While the vegetables roast, make the broth: Fill the pot with 8 cups cold tap water, add the bay leaves and season with 1 tablespoon salt and 1/8 teaspoon pepper. Bring to a boil over high, then reduce the heat to medium-low and simmer for 30 minutes. Strain into the reserved bowl, discard the vegetable scraps and transfer the stock back to the pot. Bring to a simmer and keep at a gentle simmer over low heat. Bring 4 cups water to a boil in a kettle or saucepan.

Make the risotto: In a large Dutch oven, add enough olive oil to generously coat the bottom. Heat the oil over medium. Add the shallots, celery and chestnuts, season with salt and pepper, and cook, stirring occasionally, until the vegetables are soft but not brown, 7 to 9 minutes. Add more olive oil if the pot looks dry. Add the rice and stir continuously until each grain is coated in the fat and looks shiny and translucent at the edges, about 1 minute.

Pour in 1 cup of the simmering stock and stir vigorously until the rice has absorbed all the liquid. Add another cup of stock and stir occasionally until the rice has absorbed that stock. Continue like this, adding a cup of stock at a time and stirring just enough to make sure the rice doesn’t stick to the bottom of the pot (every 3 to 5 minutes). When you’re out of the stock, continue with the boiling water, cooking until the rice grains are tender but maintain defined edges. This entire process will take 20 to 25 minutes. Remove the pot from the heat and cover.

In a bowl, stir 1/4 cup of boiling water with the miso until smooth. Add this miso mixture, the butter and cheese to the risotto and stir until incorporated. Serve the risotto immediately, with the roasted mushrooms and onions, quick-pickled celery, sour cream and dill in separate bowls with serving spoons so that guests can top their risotto themselves.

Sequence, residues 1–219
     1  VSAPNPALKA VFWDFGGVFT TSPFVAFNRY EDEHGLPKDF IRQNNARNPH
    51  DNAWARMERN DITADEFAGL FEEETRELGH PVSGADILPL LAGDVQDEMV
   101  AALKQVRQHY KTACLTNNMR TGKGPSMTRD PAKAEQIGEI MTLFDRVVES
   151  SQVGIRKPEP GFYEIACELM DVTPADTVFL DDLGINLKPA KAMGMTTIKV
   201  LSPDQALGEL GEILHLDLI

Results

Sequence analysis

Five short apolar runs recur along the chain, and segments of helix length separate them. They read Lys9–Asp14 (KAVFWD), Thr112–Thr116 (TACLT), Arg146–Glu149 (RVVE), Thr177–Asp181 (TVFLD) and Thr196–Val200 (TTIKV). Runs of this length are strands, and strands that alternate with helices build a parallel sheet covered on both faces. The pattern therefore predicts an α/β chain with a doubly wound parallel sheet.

Yield: 6 to 8 servings

Cream Cheese vw Cake

Reminiscent of Sara Lee’s loaves in the freezer aisle, this tender, buttery treat is like a pound cake in sheet cake form. For a Barbie-pink dream house finish, prepare this with the optional toppings: raspberry preserves, gently salted whipped cream and a snowy, psychedelic blanket of freeze-dried raspberries. Any toppings should be added right before serving, but if it’s simplicity you’re after, then you can skip them and dust the cake with confectioners’ sugar or nothing at all. The cake, undressed, will keep in an airtight container at room temperature for up to 3 to 4 days or well-wrapped in the freezer for up to a month.

By Eric Kim

For the Cake:

2 1/2 cups (320 grams) all-purpose flour

1 teaspoon baking powder

1 1/2 cups (345 grams) unsalted butter, at room temperature

8 ounces (226 grams) cream cheese, at room temperature

3 cups (600 grams) granulated sugar

1 tablespoon vanilla extract

1 1/4 teaspoons fine sea salt

5 large eggs, at room temperature

For the Assembly (optional):

1 cup (305 grams) raspberry preserves (see Tip)

2 cups (473 milliliters) cold heavy whipping cream